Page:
And so, to be quite honest, the jobs that exist in the fossil fuel industry is not the ones that we want in Indian country. And they have been few and far between. They have had very — little to no economic impact on our communities.

    When you can envision thousands of indigenous people on the ground working to steward their land and fight climate change and create a new economy that is actually one that is just and equitable, that's what excites me about the future.

  • Stephanie Sy:

    You now have an insider. You have Deb Haaland, who is a Native American, the first to serve as a Cabinet secretary. She is secretary of the interior, which oversees federal lands.

    So, what are your hopes for her, now that she has a seat at the big table?

  • Nick Tilsen:

    I mean, our — Indian country is rallying around Deb Haaland. She's definitely from Indian country, represents Indian country, and it's an opportunity to have a voice at the table.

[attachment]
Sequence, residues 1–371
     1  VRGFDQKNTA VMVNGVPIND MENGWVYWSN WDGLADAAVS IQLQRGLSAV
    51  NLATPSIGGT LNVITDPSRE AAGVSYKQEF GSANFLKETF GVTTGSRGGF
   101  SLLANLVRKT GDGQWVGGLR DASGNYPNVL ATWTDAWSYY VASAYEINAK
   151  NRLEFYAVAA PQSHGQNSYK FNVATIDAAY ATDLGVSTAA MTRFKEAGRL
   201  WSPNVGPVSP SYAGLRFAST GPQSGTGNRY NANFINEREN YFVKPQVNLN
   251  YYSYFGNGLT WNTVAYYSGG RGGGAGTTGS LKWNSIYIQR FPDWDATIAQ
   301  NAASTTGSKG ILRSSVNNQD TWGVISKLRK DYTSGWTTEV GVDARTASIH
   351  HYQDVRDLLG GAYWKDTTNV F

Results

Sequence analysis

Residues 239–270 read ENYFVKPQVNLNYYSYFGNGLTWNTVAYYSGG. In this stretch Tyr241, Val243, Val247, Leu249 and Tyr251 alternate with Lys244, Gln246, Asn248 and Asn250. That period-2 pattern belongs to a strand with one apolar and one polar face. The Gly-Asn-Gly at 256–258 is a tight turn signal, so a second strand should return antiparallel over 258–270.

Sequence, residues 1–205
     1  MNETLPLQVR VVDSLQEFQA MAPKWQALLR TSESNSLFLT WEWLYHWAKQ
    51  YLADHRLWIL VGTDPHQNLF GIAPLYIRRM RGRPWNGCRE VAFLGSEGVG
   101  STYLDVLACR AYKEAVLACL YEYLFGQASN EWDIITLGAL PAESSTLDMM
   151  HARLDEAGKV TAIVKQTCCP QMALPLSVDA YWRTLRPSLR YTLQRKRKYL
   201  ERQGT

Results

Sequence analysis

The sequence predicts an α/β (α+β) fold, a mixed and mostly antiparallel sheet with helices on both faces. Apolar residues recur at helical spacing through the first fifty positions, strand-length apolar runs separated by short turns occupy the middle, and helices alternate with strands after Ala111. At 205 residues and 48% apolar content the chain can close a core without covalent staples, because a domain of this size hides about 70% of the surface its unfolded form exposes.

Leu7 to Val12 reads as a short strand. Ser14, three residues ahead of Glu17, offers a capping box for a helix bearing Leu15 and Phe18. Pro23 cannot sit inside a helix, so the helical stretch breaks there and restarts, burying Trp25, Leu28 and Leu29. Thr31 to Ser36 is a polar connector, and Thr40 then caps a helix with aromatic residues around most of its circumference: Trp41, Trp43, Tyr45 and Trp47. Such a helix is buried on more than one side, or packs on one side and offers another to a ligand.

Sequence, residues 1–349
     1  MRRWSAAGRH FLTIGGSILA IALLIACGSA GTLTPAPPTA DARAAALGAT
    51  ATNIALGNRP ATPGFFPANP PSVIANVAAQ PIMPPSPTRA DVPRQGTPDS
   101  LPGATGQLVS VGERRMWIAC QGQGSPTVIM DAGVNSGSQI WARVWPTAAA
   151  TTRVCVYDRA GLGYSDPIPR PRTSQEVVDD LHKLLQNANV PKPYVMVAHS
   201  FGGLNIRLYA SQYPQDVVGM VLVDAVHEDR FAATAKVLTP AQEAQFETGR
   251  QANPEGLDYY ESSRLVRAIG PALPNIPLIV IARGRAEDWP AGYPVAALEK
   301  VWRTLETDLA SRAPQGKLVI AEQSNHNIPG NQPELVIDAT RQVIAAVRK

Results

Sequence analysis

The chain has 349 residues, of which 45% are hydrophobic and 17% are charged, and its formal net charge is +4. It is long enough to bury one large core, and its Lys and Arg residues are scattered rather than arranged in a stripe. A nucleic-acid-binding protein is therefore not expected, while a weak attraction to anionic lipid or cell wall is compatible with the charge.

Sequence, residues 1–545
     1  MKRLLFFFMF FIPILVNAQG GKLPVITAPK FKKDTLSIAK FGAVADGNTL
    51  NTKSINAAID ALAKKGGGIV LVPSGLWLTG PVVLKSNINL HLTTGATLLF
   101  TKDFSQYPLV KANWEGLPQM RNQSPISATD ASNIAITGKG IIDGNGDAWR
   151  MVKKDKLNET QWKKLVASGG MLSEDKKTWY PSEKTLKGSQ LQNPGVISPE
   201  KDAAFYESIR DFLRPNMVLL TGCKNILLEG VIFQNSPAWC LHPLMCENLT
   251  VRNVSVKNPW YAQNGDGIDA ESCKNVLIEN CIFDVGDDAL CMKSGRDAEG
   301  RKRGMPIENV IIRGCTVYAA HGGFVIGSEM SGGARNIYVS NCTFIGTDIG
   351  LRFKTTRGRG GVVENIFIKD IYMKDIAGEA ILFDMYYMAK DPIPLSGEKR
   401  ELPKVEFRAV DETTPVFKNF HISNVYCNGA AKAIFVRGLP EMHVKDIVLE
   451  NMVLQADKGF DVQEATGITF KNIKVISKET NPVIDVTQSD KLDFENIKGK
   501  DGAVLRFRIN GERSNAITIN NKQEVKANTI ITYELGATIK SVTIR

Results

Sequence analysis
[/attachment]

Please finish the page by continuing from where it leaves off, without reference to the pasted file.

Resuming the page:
And so some of the messages that we're sending is, we need to start thinking about turning — returning public lands, returning indigenous lands into indigenous hands. And that's what we talk a lot about in our Land Back movement. We want to see some movement on that.

    We also want to make sure that, in our dealings with the Department of Interior, that we end up actually moving to this era of consent. And I think that Deb Haaland is a big advocate for that.

  • Stephanie Sy:

    Nick Tilsen, joining us from the Pine Ridge Indian Reservation.

    Thank you so much for sharing your perspective, Nick.

  • Nick Tilsen:

    Absolutely. Thanks for having me on.